The court’s power, when granting a decree of divorce, to order the division between the parties of any assets acquired during the marriage, is provided under section 76 of the Act. In this regard, a distinction is drawn between the assets acquired by the joint efforts of both parties to the marriage, and those acquired by the sole effort of one party.
Jointly acquired assets
Where the assets are jointly acquired, the court is directed to incline towards equality of division, having regard to the following matters:
Assets acquired solely by one party
Where the assets are solely acquired by one spouse, the factors to be taken into consideration are:
and subject to those considerations, the court may divide the assets or the sale proceeds in such proportions as it thinks reasonable but in any case the acquirer shall get a greater proportion (section 76(3)).
Referral of agreements to court
Unlike section 112(2) the Charter, sections 76(2) and 76(3) of our Act makes no reference to “any agreement between the parties with respect to the ownership and division of matrimonial assets made in contemplation of divorce” as a factor to be considered by our courts in determining the division of matrimonial assets.
However, there is express provision in section 56 of the Act, for “any agreement or arrangement made or proposed to be made between them, being an agreement or arrangement which relates to, arises out of, or is connected with the proceedings for divorce which are contemplated”, to be referred to court to enable the court to express an opinion as to its reasonableness.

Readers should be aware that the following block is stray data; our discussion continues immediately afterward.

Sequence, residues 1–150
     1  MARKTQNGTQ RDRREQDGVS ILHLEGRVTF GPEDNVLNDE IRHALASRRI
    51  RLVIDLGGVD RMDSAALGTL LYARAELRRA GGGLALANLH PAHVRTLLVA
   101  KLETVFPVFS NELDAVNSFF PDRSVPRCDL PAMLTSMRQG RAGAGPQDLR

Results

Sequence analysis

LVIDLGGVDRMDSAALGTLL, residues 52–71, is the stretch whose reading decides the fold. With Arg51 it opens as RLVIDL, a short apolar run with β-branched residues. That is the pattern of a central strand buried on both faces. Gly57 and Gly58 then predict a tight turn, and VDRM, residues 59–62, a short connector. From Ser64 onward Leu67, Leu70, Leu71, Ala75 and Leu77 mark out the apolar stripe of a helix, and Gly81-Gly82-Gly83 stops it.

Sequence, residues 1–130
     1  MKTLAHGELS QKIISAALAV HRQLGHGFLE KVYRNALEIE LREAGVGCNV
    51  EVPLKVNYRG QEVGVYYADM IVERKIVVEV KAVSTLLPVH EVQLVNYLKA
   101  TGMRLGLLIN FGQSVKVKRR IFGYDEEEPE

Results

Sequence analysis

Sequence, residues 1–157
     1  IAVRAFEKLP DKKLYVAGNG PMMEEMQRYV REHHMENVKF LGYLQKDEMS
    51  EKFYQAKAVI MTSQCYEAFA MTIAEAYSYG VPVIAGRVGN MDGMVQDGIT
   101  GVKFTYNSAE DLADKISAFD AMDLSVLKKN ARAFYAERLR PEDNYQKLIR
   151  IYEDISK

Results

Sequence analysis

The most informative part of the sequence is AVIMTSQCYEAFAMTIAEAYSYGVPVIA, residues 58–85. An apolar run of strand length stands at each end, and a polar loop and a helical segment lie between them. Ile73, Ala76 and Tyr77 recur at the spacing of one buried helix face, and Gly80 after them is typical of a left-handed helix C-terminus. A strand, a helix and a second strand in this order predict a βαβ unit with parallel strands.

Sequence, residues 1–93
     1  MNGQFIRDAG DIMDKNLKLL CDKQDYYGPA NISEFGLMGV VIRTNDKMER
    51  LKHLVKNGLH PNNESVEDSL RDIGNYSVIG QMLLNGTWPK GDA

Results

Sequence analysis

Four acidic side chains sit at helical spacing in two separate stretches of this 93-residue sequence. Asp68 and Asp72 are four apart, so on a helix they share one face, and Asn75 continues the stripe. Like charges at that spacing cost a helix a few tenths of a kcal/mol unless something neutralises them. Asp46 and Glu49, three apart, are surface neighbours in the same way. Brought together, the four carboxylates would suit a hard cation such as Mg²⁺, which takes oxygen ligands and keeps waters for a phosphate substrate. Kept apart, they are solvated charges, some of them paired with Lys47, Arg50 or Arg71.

In Lim Thian Kiat v Teresa Haesook Lim nee Teresa Haesook Dean & Anor [1997] 5 CLJ 358, a deed of separation (“Deed”) was entered into between a husband and his wife, which settled the wife’s claims to matrimonial properties and maintenance. By this Deed the parties agreed that its terms would be incorporated into a joint petition for divorce in the event that either spouse demands for a divorce.
The husband eventually petitioned for divorce and made an application for the court to determine, under section 56 of the Act, the subsistence and validity of the Deed. The wife attempted to vary the terms of the agreement on matrimonial assets but the court found that the Deed was valid and binding on the parties as the terms were arrived at voluntarily with the advantage of the wife possessing adequate legal advice. 
The difference between a prenuptial agreement and a postnuptial agreement is that a prenuptial agreement is a contract entered into prior to marriage, usually when the couple are still in love and filled with hopes of marital bliss, whereas a postnuptial agreement is a contract executed after the wedding vows have been exchanged and often, when the marriage has already broken down.